|John Broskie's Guide to Tube Circuit Analysis & Design|
10 December 2022 Post Number 571
Ultra-Linear Cascode Plus
The name "Cascode" is said to be a contraction of "CASCading triodes with the gain of a pentode and the low-noise of a triODE." I have also seen it described, however, as a contraction of "CASCading triodes having similar characteristics to a pentODE."
Since the cascode topology is similar to a pentode, adding an ultra-linear flavor is easy enough. Here is a hybrid example that uses a high-voltage MOSFET as a source follower.
The IRF840A is still made by Vishay and it is a 500V/8A/125W N-channel MOSFET in the To-220 package. The source follower uses two source resistors in series and draws only 5mA, so no heatsink is required for the MOSFET (but I would use a small one anyway if for no other reason than to somewhat shield the high voltage present on its metal tab).
The top 6DJ8 triode's grid sees 101.2Vdc at idle but sees 50% of the AC output voltage swing, which creates the ultra-linear effect that lowers both the gain and the distortion. If we do not want the ultra-linear enhancement, we can still use two source resistors to establish only a DC negative feedback loop.
The 0.1µF capacitor shunts the AC signal above 2Hz to ground, but 100% of the DC voltage remains. Of course, the amount of gain from the top triode's grid is small, so the DC negative feedback is relatively weak; still, it cannot hurt. In addition, absent the ultra-linear effect, the gain climbs from 1:50 to 1:150, but at the cost of much higher distortion and a lower potential output voltage swing. Of course, with a microphone preamp, we do not need a high output voltage swing; but we do need it when driving an output tube in a single-ended power amplifier. Why? The ultra-linear effect makes for a much larger potential output voltage swing by dynamically varying the plate voltage on the bottom triode. In addition, the PSRR is far worse with the textbook, non-ultra-linear cascode, the textbook version being only -2dB in this example, whereas the ultra-linear version drops this figure down to -12dB, which is a huge improvement but still not that great.
Let's add some Aikido mojo to this DC-feedback cascode circuit.
The shunting capacitor has been vastly increased in value, and the three Aikido mojo resistors result in a PSRR of -49dB at 120Hz, the ripple frequency in North America. The gain remains the same, as does the relatively high distortion.
Okay, let's return to the ultra-linear version of the cascode, but with some added Aikido mojo.
The 51µF capacitor and the 47k Aikido-mojo parts create a crazy deep power-supply noise null of -85dB at 120Hz. Mercy!
I should explain why a TL431 (or LM431) shunting voltage reference is used.
The TL431 can easily accept the 10mA of current flow and offers a low output impedance. In addition, the shunting 1kµF capacitor should dispel any worries about its influence on the sound. Of course, we could use a cathode resistor instead. In fact, here is a version with a cathode resistor and a higher B+ voltage that is intended to drive an output tube in a single-ended power amplifier.
Note that only a 169k resistor is used to attach to the B+ voltage. The PSRR is not as good as in the previous design example, but it is still exceptionally fine for a cascode circuit. To be down -60dB means that only 1/1000th of the power-supply ripple leaks into the output signal.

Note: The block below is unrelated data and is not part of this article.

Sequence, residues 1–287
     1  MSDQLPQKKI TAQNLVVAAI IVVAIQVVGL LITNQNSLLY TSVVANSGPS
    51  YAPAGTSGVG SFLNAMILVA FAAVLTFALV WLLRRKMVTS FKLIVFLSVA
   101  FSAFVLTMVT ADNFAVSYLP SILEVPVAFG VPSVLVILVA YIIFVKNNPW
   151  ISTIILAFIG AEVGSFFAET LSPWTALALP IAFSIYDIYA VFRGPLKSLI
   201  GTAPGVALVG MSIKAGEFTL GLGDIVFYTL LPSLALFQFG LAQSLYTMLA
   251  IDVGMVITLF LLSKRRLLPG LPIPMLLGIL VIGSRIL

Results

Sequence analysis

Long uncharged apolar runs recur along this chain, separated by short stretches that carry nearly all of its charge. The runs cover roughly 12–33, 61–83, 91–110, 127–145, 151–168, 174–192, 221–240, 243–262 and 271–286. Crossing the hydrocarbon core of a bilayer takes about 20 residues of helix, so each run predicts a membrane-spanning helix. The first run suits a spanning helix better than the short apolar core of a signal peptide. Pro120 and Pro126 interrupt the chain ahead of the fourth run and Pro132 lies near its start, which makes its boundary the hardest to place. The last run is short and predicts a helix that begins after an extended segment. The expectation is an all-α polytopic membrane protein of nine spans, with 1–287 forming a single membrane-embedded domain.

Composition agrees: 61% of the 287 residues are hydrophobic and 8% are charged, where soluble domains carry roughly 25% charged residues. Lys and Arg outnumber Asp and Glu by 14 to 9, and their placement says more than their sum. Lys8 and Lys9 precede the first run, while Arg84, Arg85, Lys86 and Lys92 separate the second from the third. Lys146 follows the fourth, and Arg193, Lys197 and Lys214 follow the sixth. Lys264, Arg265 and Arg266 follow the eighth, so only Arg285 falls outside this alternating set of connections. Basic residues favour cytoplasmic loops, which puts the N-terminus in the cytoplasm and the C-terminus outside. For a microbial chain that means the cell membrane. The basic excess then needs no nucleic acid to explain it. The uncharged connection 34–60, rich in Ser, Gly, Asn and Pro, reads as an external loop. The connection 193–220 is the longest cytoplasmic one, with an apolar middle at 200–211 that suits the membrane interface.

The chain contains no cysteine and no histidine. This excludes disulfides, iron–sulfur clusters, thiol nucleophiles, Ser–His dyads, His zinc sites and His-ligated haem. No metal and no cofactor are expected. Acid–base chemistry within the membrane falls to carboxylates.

If the cathode-resistor shunting capacitor were larger in value, the null would extend lower in frequency. The gain comes in at 1:55 and the output can easily swing over 100Vpk of output voltage, which should be more than enough for a 300B output tube.
No doubt some are thinking:
"That's great, John, but why use a MOSFET when we could use another triode?"
The problem with using a cathode follower in place of the source follower is that the cathode follower's cathode will be over 200 volts above ground potential, which makes using a single heater power supply unlikely. The workaround would be to give the cathode follower triode its own floating heater power supply that is referenced to the cathode, not ground. Another workaround would be to use a 12B4 single triode in the cathode-follower position. The 12B4, the GE tube manual informs us is:
It can withstand a 550V plate voltage and its dissipation limit is 5.5W. In addition, it is designed to work with a heater -200V relative to its cathode. We could split the cascode's bottom triode's plate voltage (131Vdc) and reference its heater power-supply voltage to 65Vdc, which would create about a 150V heater-to-cathode differential.
The floating heater power supply could beas little as a single 6.2Vac heater winding, which could also power the output tube's heater, assuming cathode bias. An added feature to the 12B4 is that it is dirt cheap, even though it is only available NOS; moreover, it offers a center-tapped heater element, so it can be used with either 6.3V or 12.6V heater power-supply voltages.
Missing is my signature protection diode that spans from the 12B4's cathode to the top 6DJ8 triode's plate. (We do not want the 12B4's grid to be 400V more positive than its cathode at startup, when the cathode is cold and not yet conducting. The circuit's gain comes in at 1:55. The PSRR isn't too shabby either.
Once again, this is amazingly good for a cascode circuit, which usually offers only -2dB of PSRR.
Of course, we could tilt the ratio more towards solid-state.
The gain pretty much remains unchanged, but some slight tweaking of the Aikido-mojo part values was needed to get the best PSRR figure.
With this setup, only one 6DJ8 would be needed for a stereo microphone preamp or stereo frontend for a single-ended power amplifier.
Okay, I will present only one more circuit variation. This time, we see a cascode with an amazingly low-valued load resistor.
Note the 15k resistor. This resistor supplies current to the triode so that less current can flow through the 100k collector resistor. Here is what is usually done to squeeze out more gain from a cascode.
Here is what I said about this cascode variation back in post 303:
In this last hybrid design, the triode draws 7.7mA, the MOSFET atop it draws only 1mA; the 15 resistor leaks 6.7mA of current to the bottom triode. The result is that the gain rises to 1:75 (+37.5dB). With the addition of the Aikido-mojo parts, the PSRR increases to better than 60dB at 100Hz.
With 1V at 1kHz of input signal, the output voltage swing is 75Vpk and the distortion is surprisingly low for such huge an output swing.